Autograph Slip Writing Signed
"George Bancroft (October 3, 1800 - January 17, 1891) was an American historian and statesman who was prominent in promoting secondary education both in his home state and at the national level. During his tenure as U.S. Secretary of the Navy, he established the United States Naval Academy at Annapolis in 1845. Among his best-known writings is the magisterial series, History of the United States, from the Discovery of the American Continent.
His entry into politics came in 1837 with his appointment by Martin Van Buren as Collector of Customs of the Port of Boston. In this position, two of Bancroft's appointees were Orestes Brownson and Nathaniel Hawthorne. In 1844, he was the Democratic candidate for the governorship of Massachusetts, but he was defeated. In 1845, in recognition for his support at the previous Democratic convention, he entered Polk's cabinet as Secretary of the Navy, serving until 1846, when for a month he was acting Secretary of War.
During his short period in the cabinet, he established the United States Naval Academy at Annapolis, gave the orders which led to the occupation of California, and sent Zachary Taylor into the contested land between Texas and Mexico. He also continued his pleadings for the annexation of Texas as extending "the area of freedom," and, though a Democrat, opposed slavery.
The Naval Academy was devised and completely set at work by Bancroft alone, who received for the purpose all the appropriations for which he asked. Congress had never been willing to establish a naval academy. Bancroft studied the law to ascertain the powers of the Secretary of the Navy, and found that he could order the place where midshipmen should wait for orders. He could also direct the instructors to give lessons to them at sea, and by law they had power to follow them to the place of their common residence on shore. With a close economy, the appropriation of the year for the naval service met the expense, and the secretary of war ceded an abandoned military post to the navy.
So when Congress came together they found the midshipmen that were not at sea comfortably housed at Annapolis, protected from the dangers of idleness and city life, and busy at a regular course of study. Seeing what had been done, Congress accepted the school, which was in full operation, and granted money for the repairs of the buildings. Bancroft introduced some new professors of great merit into the corps of instructors, and he suggested a method by which promotion should depend, not on age alone, but also on experience and capacity; but this scheme was never fully developed or applied. Bancroft was also influential in obtaining additional appropriations for the United States Naval Observatory.
He likewise made himself the authority on the Oregon boundary dispute, with the result that in 1846 he was sent as minister plenipotentiary to London, where he lived in constant companionship with the historian Macaulay and the poet Hallam. With the election of Zachary Taylor his post was not renewed; on his return to the United states in 1849 he withdrew from public life, residing in New York and writing history. While in New York, Bancroft acted as a founding member of the American Geographical Society and served as the society's first president for nearly three years (Feb. 21, 1852-Dec. 7, 1854).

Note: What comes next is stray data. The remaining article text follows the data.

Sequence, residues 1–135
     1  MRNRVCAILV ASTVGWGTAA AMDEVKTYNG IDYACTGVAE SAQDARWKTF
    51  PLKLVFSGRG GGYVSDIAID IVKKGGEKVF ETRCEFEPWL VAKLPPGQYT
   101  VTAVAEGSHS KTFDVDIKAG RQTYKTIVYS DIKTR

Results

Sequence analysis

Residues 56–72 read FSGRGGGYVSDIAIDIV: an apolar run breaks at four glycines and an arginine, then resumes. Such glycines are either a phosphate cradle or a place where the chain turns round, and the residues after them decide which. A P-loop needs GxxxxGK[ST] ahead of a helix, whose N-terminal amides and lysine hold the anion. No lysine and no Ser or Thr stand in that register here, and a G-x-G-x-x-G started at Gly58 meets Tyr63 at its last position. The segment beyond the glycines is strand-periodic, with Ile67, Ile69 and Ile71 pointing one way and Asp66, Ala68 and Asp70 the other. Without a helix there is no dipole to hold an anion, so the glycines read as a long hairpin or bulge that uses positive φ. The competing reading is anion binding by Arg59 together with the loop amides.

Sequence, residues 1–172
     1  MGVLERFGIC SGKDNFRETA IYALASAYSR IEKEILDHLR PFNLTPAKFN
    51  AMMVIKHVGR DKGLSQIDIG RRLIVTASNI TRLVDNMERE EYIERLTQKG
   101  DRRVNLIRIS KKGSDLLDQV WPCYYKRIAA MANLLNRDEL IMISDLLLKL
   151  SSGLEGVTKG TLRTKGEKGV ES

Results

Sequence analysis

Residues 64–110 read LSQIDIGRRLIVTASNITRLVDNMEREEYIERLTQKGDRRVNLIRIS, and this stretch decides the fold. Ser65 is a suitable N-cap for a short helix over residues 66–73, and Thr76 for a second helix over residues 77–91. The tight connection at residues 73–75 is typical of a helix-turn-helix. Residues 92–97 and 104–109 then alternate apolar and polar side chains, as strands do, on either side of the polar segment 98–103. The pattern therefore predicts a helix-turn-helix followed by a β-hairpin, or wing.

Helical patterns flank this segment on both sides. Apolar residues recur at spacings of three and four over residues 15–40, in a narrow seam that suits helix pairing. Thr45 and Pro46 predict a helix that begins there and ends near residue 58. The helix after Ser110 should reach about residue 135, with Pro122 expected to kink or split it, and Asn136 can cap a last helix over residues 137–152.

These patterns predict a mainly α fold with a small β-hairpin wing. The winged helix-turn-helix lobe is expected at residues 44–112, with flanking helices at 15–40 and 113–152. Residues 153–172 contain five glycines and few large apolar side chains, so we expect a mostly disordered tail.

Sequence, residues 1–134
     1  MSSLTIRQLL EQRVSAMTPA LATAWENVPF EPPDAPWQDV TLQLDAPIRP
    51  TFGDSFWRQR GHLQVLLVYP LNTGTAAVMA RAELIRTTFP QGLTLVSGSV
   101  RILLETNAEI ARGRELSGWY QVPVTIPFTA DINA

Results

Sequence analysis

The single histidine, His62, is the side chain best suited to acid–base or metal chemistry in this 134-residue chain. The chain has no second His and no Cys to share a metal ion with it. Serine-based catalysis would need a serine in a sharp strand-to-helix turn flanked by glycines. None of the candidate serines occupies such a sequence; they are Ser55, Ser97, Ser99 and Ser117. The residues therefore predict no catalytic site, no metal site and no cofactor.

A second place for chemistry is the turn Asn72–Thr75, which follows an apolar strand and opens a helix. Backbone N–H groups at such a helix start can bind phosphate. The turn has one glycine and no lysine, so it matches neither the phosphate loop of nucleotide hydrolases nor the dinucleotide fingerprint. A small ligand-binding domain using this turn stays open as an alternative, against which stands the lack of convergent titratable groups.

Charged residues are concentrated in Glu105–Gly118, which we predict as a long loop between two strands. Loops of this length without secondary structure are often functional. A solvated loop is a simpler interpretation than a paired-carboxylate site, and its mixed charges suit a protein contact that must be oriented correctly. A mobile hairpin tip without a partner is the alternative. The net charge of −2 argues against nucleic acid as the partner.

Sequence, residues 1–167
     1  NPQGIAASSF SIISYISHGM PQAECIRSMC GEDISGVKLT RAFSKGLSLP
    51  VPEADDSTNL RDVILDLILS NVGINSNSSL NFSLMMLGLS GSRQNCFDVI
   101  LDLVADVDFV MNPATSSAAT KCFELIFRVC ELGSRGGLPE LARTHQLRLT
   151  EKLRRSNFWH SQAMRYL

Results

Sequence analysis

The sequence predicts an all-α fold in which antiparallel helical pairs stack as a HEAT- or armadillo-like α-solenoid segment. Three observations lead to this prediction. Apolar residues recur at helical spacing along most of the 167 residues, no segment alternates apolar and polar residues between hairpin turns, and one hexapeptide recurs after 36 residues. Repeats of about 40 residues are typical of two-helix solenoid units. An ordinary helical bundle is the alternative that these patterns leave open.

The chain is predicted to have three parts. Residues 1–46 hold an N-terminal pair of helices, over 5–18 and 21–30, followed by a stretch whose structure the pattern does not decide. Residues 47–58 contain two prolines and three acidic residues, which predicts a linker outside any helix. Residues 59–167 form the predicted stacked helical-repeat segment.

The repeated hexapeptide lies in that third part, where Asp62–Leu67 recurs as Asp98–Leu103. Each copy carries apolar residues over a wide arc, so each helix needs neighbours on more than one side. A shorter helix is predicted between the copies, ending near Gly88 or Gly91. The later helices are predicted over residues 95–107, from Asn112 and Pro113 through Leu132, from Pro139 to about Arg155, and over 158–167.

In April 1864, at Bancroft's request, President Lincoln wrote out what would become the fourth of five known manuscripts of the Gettysburg Address. Mr. Bancroft planned to include this copy in "Autograph Leaves of Our Country's Authors," which he planned to sell at a Soldiers' and Sailors' Sanitary Fair in Baltimore.
Bancroft was elected an Associate Fellow of the American Academy of Arts and Sciences in 1863. In 1866, He was chosen by Congress to deliver the special eulogy on Lincoln; and in 1867 he was appointed minister to Berlin, where he remained until his resignation in 1874. Then he lived in Washington, D.C., summering at Rose Cliff, Newport, Rhode Island.
His latest official achievements are considered the greatest. In the San Juan arbitration he displayed great versatility and skill, winning his case before the emperor with brilliant ease. The naturalization treaties, named the "Bancroft treaties" in his honor, which he negotiated successively with Prussia and the other north German states were the first international recognition of the right of expatriation, a principle since incorporated in the law of nations.He died in 1891.Prior to his death, he was the last surviving member of the Polk cabinet.
The United States Navy has named several ships USS Bancroft, as well as the fleet ballistic missile submarine USS George Bancroft (SBN-643), after Bancroft, and the mid-19th century United States Coast Survey schooner USCS Bancroft also was named for him. The dormitory at the United States Naval Academy, Bancroft Hall, is named after him as well. Bancroft is one of 23 famous names on the $1 Educational currency note of 1896"